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Jeans hanging on the line

During the American Gold Rush in the mid-1800s, a need for rugged, long lasting clothing arose. As a result, denim was first used in clothing production. Denim is an extremely durable material, holding up in the harshest of environments. Due to its resilience, denim gained widespread popularity; even polo players began to adopt denim jeans, as they would often ride through thick brush and tear their clothing.

Through innovation, denim continued to improve in quality and appearance. The fad of denim jeans grew not only with workers and sportsmen, but spread to the general public. When actors, actresses, and models started wearing denim, the fabric sales took off. Denim is one fashion trend that has stuck around and shows no signs of disappearing.

Denim acquires its color from dye derived from indigo, an organic compound with a blue color. During the dyeing process, the measurement of pH is critical. The pH of the dye bath dictates how deep the dye penetrates into the cotton fabric; the higher the pH, the deeper the dye penetrates. When striving for a deep blue color, a higher pH is maintained in the dye bath; when a "stone-washed" look is desired, a slightly lower pH dye is used in the dyeing process. By controlling and monitoring the pH of the dye bath, denim manufacturers are able to get a specific look in their jeans.

After the dyeing process, a pH measurement of the final product can be used to ensure all chemicals have been thoroughly rinsed from the fabric. Dye baths utilize aggressive alkaline (>pH 9) chemicals that must be rinsed from the final clothing items, as they come in direct contact with the consumer’s skin. If the clothing has a pH outside of the ideal range of pH 4.5 to 7.5, it can result in skin irritation or itchiness. The pH of garments is commonly reported in compliance with the ISO 3071 standard method. This method provides a detailed procedure for the determination of pH in textiles using an aqueous extract solution.

A denim manufacturer contacted Hanna Instruments to test the pH of their finished product. They were currently using controllers to monitor and adjust their dye baths, but wanted a new, portable meter to monitor their finished product as well. When they spoke to their local sales representative, a flat tip electrode was suggested to directly measure the surface pH of the finished denim. Hanna Instruments recommended the Leather and Paper pH Portable Meter - HI99171.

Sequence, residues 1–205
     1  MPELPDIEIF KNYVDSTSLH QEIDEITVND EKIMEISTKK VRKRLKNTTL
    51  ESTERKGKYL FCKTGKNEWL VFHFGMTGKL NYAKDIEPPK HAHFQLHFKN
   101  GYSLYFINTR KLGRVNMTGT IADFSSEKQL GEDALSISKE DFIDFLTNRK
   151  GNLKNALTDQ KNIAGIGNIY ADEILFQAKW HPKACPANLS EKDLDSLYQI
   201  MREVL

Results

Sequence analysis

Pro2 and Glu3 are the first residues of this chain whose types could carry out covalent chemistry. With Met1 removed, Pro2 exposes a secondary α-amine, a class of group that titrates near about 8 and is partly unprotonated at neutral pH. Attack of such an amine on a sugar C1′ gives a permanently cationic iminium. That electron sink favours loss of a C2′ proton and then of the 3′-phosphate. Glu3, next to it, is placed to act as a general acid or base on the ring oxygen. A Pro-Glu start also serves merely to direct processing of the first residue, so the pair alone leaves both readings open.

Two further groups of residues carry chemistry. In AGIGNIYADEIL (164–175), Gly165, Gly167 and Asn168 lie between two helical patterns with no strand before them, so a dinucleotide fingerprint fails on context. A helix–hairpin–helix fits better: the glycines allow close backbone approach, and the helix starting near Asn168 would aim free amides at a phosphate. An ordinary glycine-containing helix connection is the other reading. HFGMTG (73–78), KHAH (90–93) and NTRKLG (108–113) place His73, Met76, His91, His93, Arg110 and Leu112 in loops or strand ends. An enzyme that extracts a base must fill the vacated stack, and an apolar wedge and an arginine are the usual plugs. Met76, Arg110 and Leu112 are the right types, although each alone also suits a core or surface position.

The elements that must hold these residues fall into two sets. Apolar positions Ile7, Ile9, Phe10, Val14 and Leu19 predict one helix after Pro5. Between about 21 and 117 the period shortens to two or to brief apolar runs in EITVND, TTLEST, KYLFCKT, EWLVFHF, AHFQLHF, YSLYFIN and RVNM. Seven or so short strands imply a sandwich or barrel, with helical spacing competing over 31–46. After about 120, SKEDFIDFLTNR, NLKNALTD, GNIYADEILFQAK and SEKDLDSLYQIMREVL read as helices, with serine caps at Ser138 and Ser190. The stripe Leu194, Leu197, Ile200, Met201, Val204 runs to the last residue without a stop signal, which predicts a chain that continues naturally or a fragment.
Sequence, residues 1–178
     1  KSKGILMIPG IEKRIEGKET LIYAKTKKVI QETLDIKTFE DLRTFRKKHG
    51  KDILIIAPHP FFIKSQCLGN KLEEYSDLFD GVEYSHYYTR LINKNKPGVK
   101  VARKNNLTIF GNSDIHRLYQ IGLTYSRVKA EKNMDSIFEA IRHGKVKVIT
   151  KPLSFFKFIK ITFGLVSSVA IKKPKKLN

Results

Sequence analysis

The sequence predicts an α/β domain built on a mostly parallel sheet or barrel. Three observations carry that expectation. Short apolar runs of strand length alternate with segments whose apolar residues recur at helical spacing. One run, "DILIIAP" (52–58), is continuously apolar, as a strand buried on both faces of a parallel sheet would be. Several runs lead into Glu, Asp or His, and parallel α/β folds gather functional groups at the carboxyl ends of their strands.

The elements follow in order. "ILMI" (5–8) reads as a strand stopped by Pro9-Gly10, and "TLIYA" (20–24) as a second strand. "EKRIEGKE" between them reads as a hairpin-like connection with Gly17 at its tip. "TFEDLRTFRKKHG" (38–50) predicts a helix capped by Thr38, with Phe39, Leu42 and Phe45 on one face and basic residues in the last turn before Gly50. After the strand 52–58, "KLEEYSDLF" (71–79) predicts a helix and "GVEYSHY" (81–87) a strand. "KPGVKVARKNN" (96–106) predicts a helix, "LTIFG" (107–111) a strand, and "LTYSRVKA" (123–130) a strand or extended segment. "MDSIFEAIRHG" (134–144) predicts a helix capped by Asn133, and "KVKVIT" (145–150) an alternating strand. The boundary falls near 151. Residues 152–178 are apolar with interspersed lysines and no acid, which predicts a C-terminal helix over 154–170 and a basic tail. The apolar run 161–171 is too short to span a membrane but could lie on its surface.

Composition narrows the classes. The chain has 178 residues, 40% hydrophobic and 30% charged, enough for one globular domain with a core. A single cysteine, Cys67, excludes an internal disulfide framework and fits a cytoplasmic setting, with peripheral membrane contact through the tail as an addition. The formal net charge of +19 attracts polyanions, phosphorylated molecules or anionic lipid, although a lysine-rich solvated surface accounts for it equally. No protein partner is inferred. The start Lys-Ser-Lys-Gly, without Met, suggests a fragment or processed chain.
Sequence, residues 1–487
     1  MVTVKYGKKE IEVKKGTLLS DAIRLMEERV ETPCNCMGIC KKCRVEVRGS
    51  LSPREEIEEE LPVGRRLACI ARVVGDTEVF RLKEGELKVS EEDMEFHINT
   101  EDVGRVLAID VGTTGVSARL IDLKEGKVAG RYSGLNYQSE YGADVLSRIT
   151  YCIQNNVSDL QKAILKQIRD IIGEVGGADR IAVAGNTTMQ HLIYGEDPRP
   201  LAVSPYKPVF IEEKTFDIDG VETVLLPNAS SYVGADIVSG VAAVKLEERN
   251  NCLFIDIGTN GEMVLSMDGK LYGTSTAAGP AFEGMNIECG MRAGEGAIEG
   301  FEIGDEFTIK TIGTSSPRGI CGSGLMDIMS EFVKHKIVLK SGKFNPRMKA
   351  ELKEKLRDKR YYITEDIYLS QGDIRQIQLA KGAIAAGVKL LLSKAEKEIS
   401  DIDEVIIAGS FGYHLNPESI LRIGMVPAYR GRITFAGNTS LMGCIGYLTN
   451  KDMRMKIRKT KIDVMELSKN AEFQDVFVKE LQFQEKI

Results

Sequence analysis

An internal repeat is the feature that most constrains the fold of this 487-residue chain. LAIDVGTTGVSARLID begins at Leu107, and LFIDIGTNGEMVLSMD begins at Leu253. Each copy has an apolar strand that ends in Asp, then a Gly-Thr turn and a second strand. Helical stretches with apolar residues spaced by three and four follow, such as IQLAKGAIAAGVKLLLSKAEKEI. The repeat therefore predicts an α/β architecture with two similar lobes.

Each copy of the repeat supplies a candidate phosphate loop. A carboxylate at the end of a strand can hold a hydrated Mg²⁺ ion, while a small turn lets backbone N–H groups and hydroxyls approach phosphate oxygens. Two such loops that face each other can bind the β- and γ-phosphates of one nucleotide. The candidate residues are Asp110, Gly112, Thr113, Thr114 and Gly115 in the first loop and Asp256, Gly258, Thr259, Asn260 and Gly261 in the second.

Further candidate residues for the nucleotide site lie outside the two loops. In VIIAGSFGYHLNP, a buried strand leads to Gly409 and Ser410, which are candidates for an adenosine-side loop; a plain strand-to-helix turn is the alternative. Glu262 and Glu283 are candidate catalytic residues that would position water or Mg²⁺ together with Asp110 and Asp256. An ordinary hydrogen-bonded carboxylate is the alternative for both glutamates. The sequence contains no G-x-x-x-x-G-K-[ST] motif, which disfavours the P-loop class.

The HI99171 comes equipped with the Flat Tip pH Electrode for Skin and Surfaces - HI1414D with a built-in temperature sensor. The customer worked with the Hanna Applications Department to conduct preliminary testing of the denim’s surface pH, as this method varied from their current standard operating procedure based on ISO 3071. The customer was satisfied with the surface pH results obtained, and were pleased they could use direct measurement as a quick check. Their new procedure for direct measurement allowed them to obtain results must faster than the aqueous extract method, which requires a two-hour extraction time.

Leather and Paper pH Portable Meter - HI99171

The HI99171 pH meter features the ability to perform a two-point calibration at pH 4.01 and pH 7.01, enabling the customer to bracket their ideal pH range of pH 6.0 to 7.0. The glass body design of the HI1414D contributed to the fast electrode response time, as glass reaches thermal equilibrium more quickly than plastic.

Also, included with the HI99171 kit was the HI70960 Preparation solution for solid or semi-solid samples that could be used to perform aqueous extractions in compliance with ISO 3071 for their HACCP reporting purposes. The customer was very happy with the ease of use, accuracy, and support Hanna provided to ensure they were getting the correct meter for their analysis.

 

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